Out of tune as well as outnumbered
When people tell us we can accomplish anything we want to if we try hard enough, they mean well, but they are sometimes quite wrong. I have spent a lifetime struggling unsuccessfully to overcome two serious learning deficits.
First of all, I am a lost cause, musically speaking. Melodies do not strike my ear and linger pleasantly in my mind the way they do with other people. I cannot carry a tune and, for me, rhythm is merely an intellectual concept.
Secondly, I find anything having to do with numbers downright arcane. For example, there is a perpetual irreconcilable difference between my bank statement and my check register, no matter how painstakingly I calculate.
Researchers have located specific sites in the brain responsible for musical and mathematical aptitude. For this reason, I have resolved never to have a brain scan of any sort. I have no wish to be revealed as a medical oddity with a cerebrum as riddled with holes as a Swiss cheese, or, worse yet, perhaps one with a whole hemisphere atrophied to the size of a prune.
My musical education, which I entered into with the utmost good will, began at age 6. My adoptive mother, who had always yearned to play the piano, saw to it that I received the music lessons she was denied.
Neither my eager young music teacher nor I had the least premonition of the struggle that lay ahead. I easily learned to read single notes, fascinated by the small bug-like forms that crawled about among the lines of the bass and treble clefs, but when the time came to combine these notes, I was incapable of discerning when I had hit a wrong note except by the restrained gurgles of my teacher or by my mother’s more overt cries.
Furthermore, I had no sense of rhythm. When my teacher asked, “Honey, don’t you feel the beat?” I didn’t know what she was talking about. Like Sigmund Freud, who did not care for music, I felt nothing and heard only “musical noise.”
You might suppose that my mother could have accepted that I simply had some gaps in my circuitry, but, alas, no. Dreams die hard. She was a determined and optimistic woman who believed that with training and practice some dormant musical ability would awaken in me. I certainly did not want to disappoint my brand-new, lovely mother. I can honestly tell you I put my all into learning to play the piano.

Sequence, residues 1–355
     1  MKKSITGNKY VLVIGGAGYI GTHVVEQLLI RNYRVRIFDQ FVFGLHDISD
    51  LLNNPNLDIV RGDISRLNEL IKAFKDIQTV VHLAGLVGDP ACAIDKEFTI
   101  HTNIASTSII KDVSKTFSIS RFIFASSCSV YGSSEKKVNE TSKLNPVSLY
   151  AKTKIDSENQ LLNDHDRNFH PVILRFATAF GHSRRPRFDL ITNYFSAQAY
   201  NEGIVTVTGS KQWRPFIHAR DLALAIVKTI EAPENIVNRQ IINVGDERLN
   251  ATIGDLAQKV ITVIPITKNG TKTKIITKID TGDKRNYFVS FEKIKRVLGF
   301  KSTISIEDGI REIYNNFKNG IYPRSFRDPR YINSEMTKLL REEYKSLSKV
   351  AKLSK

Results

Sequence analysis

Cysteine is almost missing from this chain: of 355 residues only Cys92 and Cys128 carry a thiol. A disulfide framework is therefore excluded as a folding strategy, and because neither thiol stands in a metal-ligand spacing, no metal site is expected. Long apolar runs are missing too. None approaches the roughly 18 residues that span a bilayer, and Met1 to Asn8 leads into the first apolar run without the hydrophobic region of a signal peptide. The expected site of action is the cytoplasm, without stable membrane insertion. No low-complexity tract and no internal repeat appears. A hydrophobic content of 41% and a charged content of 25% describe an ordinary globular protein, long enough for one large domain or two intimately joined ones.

After a while I learned to sight read pretty well, but since I never had any real idea of what should come next, each time I played a piece it was a new adventure. Tempo remained an iffy concept, inversely related to the complexity of whatever composition I was attempting. When attending to runs, trills, arpeggios and grace notes, timing fell by the wayside. Memorizing music was out of the question save for one notable exception. After seven or eight years of lessons, I could play, “Believe Me If All Those Endearing Charms” from memory. And, at age 83, I still can. I have no idea why.
As to mathematics, my troubles began in the first grade. Once again, I started out with a genuinely positive attitude. I liked the looks of numbers, particularly fours, which I had once seen written with the top of the four closed into a triangular shape so that it looked like a little sailboat.
I persisted in writing my fours that way until the teacher complained to my mother and I was told to produce a standardized version. This convinced me that there is no room for whimsicality when you’re dealing with arithmetic. It was an uphill journey from there.
Nevertheless, I survived the years of basic arithmetic with the kind of stoicism we reserve for coping with chronic illness, and actually clawed my way through first year geometry. Reprieve finally came when my high school math teacher implored me not to sign up for algebra. After our geometry experience, she figured both of us had suffered enough.
I once heard mathematics described as a study of “pure cold beauty.” It sounded to me as if they were talking about graveyard statuary. Frankly, I am more attracted to things that are warm and fuzzy. As a matter of fact, “Believe Me If All Those Endearing Young Charms” has a kind of warm and fuzzy quality about it, don’t you think?
Lucille Lovestedt lives in Grass Valley.
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